2012 Elections: News, Analysis, Videos, and Breaking on the Presidential Election, Local Elections, and More

2012 Elections: News, Analysis, Videos, and Breaking on the Presidential Election, Local Elections, and More

Complete coverage of the 2012 election

Gov. Brown Takes a Hike

Gov. Jerry Brown greeted supporters and two neighborhood dogs at his polling place at Fire Station 6.

By Lori Preuitt
|  Tuesday, Nov 6, 2012  |  Updated 3:04 PM PDT
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The governor of California made an early morning visit to the polling place in his neighborhood and gave one last pitch for Proposition 30.

The governor of California made an early morning visit to the polling place in his neighborhood and gave one last pitch for Proposition 30.

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Final Push For Gov. Brown's Prop. 30 Tax

Gov. Jerry Brown is expected to vote in at Fire Station No. 6 in Oakland Tuesday to pass his own Prop. 30, a massive tax plan to funnel money into the general fund. Christie Smith reports.
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What do you do at the end of a long hard-fought campaign for a tax initiative you think will either make or break your state?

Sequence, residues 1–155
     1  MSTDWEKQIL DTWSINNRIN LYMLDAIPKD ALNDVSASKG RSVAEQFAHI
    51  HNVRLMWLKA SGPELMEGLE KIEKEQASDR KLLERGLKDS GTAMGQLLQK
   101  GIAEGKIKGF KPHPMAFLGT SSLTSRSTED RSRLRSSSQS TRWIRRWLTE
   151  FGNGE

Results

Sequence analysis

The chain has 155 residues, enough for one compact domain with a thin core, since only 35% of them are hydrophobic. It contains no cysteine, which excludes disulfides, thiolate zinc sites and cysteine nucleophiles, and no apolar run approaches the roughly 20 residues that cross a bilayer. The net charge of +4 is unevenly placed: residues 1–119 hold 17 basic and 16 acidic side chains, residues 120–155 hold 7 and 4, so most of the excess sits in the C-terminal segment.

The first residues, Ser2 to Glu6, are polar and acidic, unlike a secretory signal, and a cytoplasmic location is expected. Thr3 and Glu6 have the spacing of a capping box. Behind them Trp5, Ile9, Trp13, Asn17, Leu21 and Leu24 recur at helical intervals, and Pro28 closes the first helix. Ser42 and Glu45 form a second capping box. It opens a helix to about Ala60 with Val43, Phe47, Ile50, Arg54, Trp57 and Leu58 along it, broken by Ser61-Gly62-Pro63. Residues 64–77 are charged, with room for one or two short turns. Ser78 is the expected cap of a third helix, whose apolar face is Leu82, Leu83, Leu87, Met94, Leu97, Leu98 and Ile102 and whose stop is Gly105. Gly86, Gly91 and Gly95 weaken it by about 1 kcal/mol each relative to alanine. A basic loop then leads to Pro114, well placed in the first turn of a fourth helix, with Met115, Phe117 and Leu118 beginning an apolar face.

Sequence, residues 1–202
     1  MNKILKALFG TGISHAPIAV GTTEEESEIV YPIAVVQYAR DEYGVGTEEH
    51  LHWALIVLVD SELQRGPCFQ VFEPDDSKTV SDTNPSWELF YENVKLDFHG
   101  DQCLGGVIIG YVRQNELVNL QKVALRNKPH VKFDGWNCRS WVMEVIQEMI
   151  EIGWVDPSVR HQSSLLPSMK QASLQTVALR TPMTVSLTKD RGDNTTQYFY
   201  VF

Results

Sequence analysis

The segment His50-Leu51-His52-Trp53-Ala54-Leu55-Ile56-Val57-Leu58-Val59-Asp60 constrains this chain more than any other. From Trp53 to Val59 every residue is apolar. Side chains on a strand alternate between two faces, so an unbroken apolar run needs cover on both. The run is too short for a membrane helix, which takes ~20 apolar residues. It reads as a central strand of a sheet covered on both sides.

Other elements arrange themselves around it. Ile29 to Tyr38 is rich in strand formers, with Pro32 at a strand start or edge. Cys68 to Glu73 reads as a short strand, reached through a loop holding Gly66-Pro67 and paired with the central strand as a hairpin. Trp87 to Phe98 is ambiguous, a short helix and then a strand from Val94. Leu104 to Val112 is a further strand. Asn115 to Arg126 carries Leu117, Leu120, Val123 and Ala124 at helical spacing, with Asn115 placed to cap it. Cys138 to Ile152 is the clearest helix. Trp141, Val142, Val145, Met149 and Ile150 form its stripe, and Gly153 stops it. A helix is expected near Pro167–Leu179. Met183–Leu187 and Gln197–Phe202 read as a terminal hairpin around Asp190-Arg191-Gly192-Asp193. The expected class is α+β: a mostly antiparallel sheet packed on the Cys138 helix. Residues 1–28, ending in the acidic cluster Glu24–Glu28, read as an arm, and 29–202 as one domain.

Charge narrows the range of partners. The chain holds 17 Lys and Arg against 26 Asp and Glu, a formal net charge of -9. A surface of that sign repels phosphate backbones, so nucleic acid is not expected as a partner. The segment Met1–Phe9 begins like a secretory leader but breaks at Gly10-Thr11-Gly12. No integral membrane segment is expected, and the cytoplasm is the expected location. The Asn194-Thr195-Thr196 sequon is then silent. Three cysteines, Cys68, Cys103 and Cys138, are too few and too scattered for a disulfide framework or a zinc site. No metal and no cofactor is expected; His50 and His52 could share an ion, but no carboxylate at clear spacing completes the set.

If you are Gov. Jerry Brown, you go on a hike.

Brown told reporters Tuesday morning at the polling place walking distance from his home in Oakland, that he was going to spend the day walking in "his family ancestral land." He didn't say exactly where that was, but he did say he hoped to see some wild boar, a rattlesnake and "hopefully an elk."

After his day in the great outdoors, the governor plans on watching returns in Sacramento.

"From everything I can tell, the notion of taking a quarter of a cent sales tax and asking those who are in the top 1 percent to help us out in our time of need, I think that's a proposition that speaks for itself and I wouldn't be surprised if the outcome is more positive than most of you are probably expecting," Brown said outside Fire Station No. 6.

And while the governor sounded optimistic, the passage of Proposition 30 is far from a sure thing.  It would raise the sales tax by a quarter-cent for the next four years and increase income taxes for seven years on individuals earning more than $250,000 annually.

Thse numbers will add $6 billion to the state's dwindling coffers.

Support has been dropping in recent weeks with the latest Field Poll showing it was getting less than 50-percent support of voters.

The fate of the measure will have a deep impact on Brown's next two years in office. Failure will most certainly mean deep cuts for California schools.

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